123 Green St

1715

Architectural Style

Colonial

Significance

Architecture

Use Type

Single Family Dwelling House

Neighborhood

Massachusetts Historical Commission Report

Architectural Significance

This is an early 18th century Cape Cod cottage. It consists of a simple, rectangular center hall plan main block with a gable roof and low brick center chimney. Windows contain 12/12 wood sash and are framed by a rectangular wood sill and lintel. To the rear are two much later ells.

Historical Significance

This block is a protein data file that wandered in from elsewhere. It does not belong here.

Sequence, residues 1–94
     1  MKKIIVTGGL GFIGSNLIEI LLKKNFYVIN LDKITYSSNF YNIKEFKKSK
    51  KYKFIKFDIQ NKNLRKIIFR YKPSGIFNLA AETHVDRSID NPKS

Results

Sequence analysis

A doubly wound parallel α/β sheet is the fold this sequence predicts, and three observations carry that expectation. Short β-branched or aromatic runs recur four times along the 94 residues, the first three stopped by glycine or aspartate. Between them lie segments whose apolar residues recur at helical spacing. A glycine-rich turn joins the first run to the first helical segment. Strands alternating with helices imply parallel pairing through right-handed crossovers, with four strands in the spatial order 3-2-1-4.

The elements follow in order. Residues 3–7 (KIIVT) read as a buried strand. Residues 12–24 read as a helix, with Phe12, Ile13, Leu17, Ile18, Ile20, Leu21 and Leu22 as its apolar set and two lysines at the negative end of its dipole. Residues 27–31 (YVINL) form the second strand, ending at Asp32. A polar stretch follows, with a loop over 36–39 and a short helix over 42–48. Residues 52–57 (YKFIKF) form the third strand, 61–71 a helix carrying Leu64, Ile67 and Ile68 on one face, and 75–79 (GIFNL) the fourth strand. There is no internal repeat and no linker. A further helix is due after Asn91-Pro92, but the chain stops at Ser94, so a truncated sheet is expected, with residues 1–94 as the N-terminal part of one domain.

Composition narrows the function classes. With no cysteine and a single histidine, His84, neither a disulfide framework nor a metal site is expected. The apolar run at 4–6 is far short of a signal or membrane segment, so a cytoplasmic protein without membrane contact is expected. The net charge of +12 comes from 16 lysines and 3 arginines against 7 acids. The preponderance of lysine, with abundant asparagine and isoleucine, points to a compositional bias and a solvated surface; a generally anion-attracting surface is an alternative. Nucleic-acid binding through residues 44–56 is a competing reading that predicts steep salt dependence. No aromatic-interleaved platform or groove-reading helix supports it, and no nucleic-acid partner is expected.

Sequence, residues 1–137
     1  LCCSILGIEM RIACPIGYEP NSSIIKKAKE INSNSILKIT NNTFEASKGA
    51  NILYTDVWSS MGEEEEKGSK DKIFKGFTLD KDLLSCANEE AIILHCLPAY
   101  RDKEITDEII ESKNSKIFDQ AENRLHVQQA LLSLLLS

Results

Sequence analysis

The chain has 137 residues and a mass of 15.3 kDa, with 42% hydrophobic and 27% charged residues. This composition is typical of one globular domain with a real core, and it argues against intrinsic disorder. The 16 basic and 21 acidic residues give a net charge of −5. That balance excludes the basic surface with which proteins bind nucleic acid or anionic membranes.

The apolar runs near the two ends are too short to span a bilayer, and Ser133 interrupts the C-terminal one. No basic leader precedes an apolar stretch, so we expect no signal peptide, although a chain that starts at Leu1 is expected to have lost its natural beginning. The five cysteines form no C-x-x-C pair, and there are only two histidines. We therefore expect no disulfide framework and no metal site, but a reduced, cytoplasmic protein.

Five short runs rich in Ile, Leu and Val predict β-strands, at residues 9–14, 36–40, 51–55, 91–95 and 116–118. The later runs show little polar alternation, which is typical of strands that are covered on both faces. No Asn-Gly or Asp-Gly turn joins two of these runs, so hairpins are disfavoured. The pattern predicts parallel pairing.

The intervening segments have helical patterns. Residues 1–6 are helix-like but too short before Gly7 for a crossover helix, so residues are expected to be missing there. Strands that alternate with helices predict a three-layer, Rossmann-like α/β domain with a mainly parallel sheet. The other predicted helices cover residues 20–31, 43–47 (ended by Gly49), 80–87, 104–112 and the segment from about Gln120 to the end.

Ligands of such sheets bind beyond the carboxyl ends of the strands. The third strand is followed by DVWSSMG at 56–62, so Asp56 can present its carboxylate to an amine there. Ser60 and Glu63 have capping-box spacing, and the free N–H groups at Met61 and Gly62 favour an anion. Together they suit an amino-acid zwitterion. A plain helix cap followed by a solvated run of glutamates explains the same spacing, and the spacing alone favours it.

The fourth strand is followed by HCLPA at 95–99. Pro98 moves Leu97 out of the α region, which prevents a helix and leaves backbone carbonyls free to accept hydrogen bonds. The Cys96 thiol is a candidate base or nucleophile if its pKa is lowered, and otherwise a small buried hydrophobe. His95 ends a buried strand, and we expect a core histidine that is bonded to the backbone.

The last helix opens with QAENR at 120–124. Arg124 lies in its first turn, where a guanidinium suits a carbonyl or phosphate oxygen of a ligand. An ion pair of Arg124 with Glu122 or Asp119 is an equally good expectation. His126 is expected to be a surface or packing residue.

19th century maps and atlases indicate that this house was moved to its present site c. 1879-1903. During the early 1900s' Charles M. Hayden, shoemaker, lived here. To the north of this house is the pond where Mr. Hayden kept an ice house. Green St. is a very old road—it was part of Vernon St. (south of Spruce St.) and was known during the early 18th century as "Titicut Road" and "a way from Taunton Road"—this road lead to the Titicut Bridge to Middleborough. J. C. Craner on his "Bridgewater in 1716" map indicates that the pond to the north was called "Sawmill Pond" and the surrounding land was owned by Captain Nehemiah Washburn—#123 Green St.